While only one in nine Americans works in sales per se, the other eight are selling others on learning chemistry, on using new media for marketing, or on exercising more.

What Pink calls “EdMed”—healthcare and education—has a large sales component. This is the biggest job sector in the U.S., with more workers than manufacturing, retail and professional and business services, and projected to grow the most.

Pink, following up bestsellers “A Whole New Mind” and “Drive,” wants to clean up its bad reputation and recast sales not as a way to get the best of others, but to improve the world. As he explains the book’s title, “Moving others doesn’t require that we neglect these nobler aspects [idealism and artistry] of our nature . . . Today it demands that we embrace them.”

Pink’s ABCs Of Sales

Some of Pink’s advice is supported by conventional wisdom but not all; Pink draws heavily upon sometimes surprising social science research.

“Attunement” is the first thing we should learn. If we don’t understand others, how can we hope to persuade them?

It’s about getting into their heads with perspective as well as hearts  through empathy. Powerful people are prone to losing touch with others’ perspectives. So paradoxically, reducing one’s power or becoming humble is a must.

Mimicry helps. If you subtly mirror another’s gestures, you will seem more in tune, but if the other person senses your mirroring is staged, he or she will be turned off.

Surprisingly, extroverts don’t make the best salespeople, but neither do introverts.

What works best is being an “ambivert,” which is most of us in the middle of the bell curve. Extreme extroverts are often awful listeners and can be pushy, while an extreme introvert can lack initiative and the ability to close a deal. Ambiverts who can tack back and forth between extroversion and introversion do better at attunement.

If you think your failures are “permanent, pervasive and personal,” you lack “buoyancy.” Those who bounce back, says Pink, attribute rejection to circumstances: it’s a slow economy, he’s having a bad day.

Positive emotions are contagious, so when negotiating, taking a friendly tone and smiling works better than being adversarial, despite what’s portrayed in movies. Your positive emotions (gratitude, interest, contentment) should outnumber negative (anger, shame, sadness) by at least 3-1 but not going over 11-1. Too much risks detachment from reality—not taking responsibility for what one can control and learning from failures is important.

It’s less important to motivate yourself with clichés like “I’m the best” than to simply ask, “Can I do it?” A question opens you up to problem solving and boosts confidence.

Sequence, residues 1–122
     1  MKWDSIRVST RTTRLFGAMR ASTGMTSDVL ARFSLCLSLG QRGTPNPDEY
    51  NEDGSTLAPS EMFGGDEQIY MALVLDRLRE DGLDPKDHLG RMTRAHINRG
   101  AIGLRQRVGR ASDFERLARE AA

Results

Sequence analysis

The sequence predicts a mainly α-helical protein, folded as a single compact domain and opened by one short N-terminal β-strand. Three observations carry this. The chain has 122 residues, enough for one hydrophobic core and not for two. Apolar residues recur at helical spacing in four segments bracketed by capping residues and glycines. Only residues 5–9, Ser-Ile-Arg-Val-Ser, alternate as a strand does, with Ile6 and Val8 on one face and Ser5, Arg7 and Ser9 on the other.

The final attribute, “clarity,” means the “capacity to help others see their situations in fresh and more revealing ways and to identify problems they didn’t realize they had.”

Today people often have all the facts at hand—they just need help applying information. For example, maybe you thinks you need a better presence on Facebook when you’ll find more leads elsewhere, or maybe a bad website is actually holding you back more than your social media strategy—redefining the problem to better meet goals is what standout salespeople excel at.

In this paradigm brainstorming trumps quick fixes and the successful sellers are the ones who take the time to develop relationships and understand their clients.

Putting It All Together

“Pitching,” “improvising” and “serving” are three tactics Pink highlights for putting your skills to work.

He identifies six “successors to the elevator pitch” including:

  • the one-word pitch: President Obama’s re-election pitch, “forward”
  • Reagan’s question pitch: “Are you better off today than you were four years ago?”
  • the memorable rhyming pitch: “If the glove don’t fit, you must acquit”
  • the email subject line pitch: pithy and specific, “10 Selling Tips”
  • the Twitter pitch: don’ts include complaints and “here’s what I had for dinner” (does anyone like hearing that?)
  • the Pixar pitch, a six-sentence structure, part of which often introduces a movie’s trailer: “Once upon a time _____. Every day, _____. One day ___. Because of that, ___. Until finally ___.”

Every sales pitch, Pink shows, can be put into each of these formats.

Pink then visits an improvisational acting coach to understand how improv can expand the repertoire of business people. In her hilarious memoir “Bossypants,” Tina Fey also elaborates on how improv comedy works. Here’s the basics, per Pink: